JC Bowman Commentary: Better Thinking Equals Better Results


The State Collaborative on Reforming Education (SCORE) celebrated their 10th Anniversary of working to improve the future for Tennessee students on August 12, 2019. While we at Professional Educators of Tennessee have not always agreed with some of the agenda, we have never doubted their resolve or pursuit in improving public education in our state. We are glad to partner with them to improve the future for educators and help our students succeed.

As Chairman of SCORE, Senator Bill Frist should be commended and honored for his tireless advocacy and passion for making education a priority in our state. We are all better in public education because of his commitment to parents, teachers, and especially students.

By advocating for many organizations including our own, Governors Phil Bredesen, Bill Haslam, and now Bill Lee have all made education a priority in their administrations. However, SCORE’s insistence on doing what is best for students to achieve excellence for all has made the greatest impact on public policy in the state this decade. What has been significant has been consistent leadership at the organization, from former CEO and state senator Jamie Woodson to current CEO David Mansouri, who have both shared Frist’s relentless drive in educating our students.

To prepare our children for the future, a student-centered education begins with an excellent teacher. SCORE has been pushing that envelope and playing a critical role in advancing student achievement in Tennessee. That is why our dialogue with SCORE continues to surround how to engage and empower educators to improve public education. Those who possess the knowledge about students must have input into the decisions.

We can and we must continue to have policy discussions and debates on improving public education. Marching in complete lockstep has never produced an original thought. We have to understand that public education must be completely committed to student success. Continued collaboration and a spirit of unity remain critical in creating a culture that truly values education.

Providing educators with resources and support seems to be a foolproof means of making sure that student needs are met completely. In this area, we all can agree on the critical importance of an authentic teacher voice in policy discussions. One of the greatest weaknesses of public education is our isolation in classrooms and schools. Teachers need more opportunities for reflection and to develop connections beyond their school walls or even districts. That is how membership in professional associations can play a critical role. The amplified voices of educators that are improving outcomes for students through innovative practices must be shared in our state, and we cannot do it alone.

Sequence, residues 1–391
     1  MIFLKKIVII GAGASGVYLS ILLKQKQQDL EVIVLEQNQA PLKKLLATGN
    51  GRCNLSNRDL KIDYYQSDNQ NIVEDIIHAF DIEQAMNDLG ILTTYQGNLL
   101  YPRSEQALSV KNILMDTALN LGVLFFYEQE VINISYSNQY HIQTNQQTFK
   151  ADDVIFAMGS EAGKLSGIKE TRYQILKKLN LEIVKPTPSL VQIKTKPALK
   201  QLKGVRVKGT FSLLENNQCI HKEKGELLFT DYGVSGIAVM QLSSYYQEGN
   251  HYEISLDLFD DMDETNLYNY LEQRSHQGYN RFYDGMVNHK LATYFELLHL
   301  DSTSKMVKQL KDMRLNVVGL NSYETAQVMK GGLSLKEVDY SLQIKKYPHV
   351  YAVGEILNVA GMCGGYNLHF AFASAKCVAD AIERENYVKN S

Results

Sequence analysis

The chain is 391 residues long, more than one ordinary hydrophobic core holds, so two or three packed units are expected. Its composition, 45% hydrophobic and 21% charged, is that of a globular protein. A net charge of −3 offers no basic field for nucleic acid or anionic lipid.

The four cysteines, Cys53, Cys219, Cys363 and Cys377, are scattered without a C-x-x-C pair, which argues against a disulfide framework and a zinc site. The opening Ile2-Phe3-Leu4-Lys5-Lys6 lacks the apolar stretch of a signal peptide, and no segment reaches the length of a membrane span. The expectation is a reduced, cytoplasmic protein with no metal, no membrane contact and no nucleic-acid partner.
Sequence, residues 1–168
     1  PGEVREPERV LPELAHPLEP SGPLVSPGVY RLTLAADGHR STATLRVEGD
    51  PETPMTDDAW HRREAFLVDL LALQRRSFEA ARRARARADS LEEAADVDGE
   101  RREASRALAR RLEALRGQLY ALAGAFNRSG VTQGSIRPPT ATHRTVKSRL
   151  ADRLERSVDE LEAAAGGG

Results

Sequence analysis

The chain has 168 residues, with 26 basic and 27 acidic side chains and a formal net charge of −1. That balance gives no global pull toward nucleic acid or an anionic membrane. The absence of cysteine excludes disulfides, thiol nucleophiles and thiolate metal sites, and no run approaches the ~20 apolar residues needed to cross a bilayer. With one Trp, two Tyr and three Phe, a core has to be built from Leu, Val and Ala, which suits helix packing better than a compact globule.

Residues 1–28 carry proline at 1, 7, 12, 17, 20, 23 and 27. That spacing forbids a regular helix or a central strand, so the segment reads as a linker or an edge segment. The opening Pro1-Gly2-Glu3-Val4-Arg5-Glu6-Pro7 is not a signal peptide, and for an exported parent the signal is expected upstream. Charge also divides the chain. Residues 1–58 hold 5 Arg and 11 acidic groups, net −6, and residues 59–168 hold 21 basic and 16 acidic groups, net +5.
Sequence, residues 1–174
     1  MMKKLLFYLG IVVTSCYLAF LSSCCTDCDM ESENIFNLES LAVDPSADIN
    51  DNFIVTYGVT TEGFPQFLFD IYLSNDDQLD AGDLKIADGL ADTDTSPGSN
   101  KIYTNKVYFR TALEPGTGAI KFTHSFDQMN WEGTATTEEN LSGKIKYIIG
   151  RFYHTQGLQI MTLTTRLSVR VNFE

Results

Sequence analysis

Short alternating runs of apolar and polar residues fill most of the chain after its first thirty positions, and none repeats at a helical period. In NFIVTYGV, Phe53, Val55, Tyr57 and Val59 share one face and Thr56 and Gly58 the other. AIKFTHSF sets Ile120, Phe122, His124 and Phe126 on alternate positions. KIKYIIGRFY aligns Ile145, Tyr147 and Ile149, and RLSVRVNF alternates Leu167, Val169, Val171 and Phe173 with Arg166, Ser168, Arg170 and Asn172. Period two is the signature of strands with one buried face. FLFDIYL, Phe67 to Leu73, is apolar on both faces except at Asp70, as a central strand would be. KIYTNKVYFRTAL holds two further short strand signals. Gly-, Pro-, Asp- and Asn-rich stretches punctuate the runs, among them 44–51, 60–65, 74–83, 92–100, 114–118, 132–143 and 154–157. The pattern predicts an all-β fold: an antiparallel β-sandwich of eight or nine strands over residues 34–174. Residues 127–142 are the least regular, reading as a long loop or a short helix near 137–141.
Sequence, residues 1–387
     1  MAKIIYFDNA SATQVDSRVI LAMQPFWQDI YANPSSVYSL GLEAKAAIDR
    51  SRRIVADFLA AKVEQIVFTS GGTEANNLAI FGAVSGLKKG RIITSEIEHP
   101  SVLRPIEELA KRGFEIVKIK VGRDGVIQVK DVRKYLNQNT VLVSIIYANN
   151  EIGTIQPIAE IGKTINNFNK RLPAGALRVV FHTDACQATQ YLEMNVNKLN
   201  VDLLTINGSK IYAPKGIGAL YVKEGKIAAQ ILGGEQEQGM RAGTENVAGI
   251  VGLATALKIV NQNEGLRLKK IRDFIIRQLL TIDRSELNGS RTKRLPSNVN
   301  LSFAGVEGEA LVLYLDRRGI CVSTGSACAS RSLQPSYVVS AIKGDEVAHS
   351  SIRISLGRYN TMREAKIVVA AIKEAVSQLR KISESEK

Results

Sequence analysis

One of SCORE’s strategic priorities is preparing, recruiting, supporting, and retaining excellent teachers and leaders. There is no doubt that this is often overlooked by policymakers at the state and local level. A school system cannot have high expectations for their students, without a high-quality teacher in their classrooms. This may prove difficult moving forward, as there are not enough qualified teachers applying for teaching jobs to meet the demand in all locations and fields. It will take forward-thinking for Tennessee to see our potential for the future. Simply put: better thinking equals better results.

Every mountain top is within reach if you just keep climbing. Thank you to SCORE, Senator Frist, and your team for your commitment to public education this last decade. We have much more work left to do. Together, educators and students across Tennessee will continue to climb higher and our state will rise to the top.

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JC Bowman is the Executive Director of Professional Educators of Tennessee, a non-partisan teacher association headquartered in Nashville, Tennessee. Permission to reprint in whole or in part is hereby granted, provided that the author and the association are properly cited. For more information on this subject or any education issue please contact Professional Educators of Tennessee.



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One Thought to “JC Bowman Commentary: Better Thinking Equals Better Results”

  1. Ralph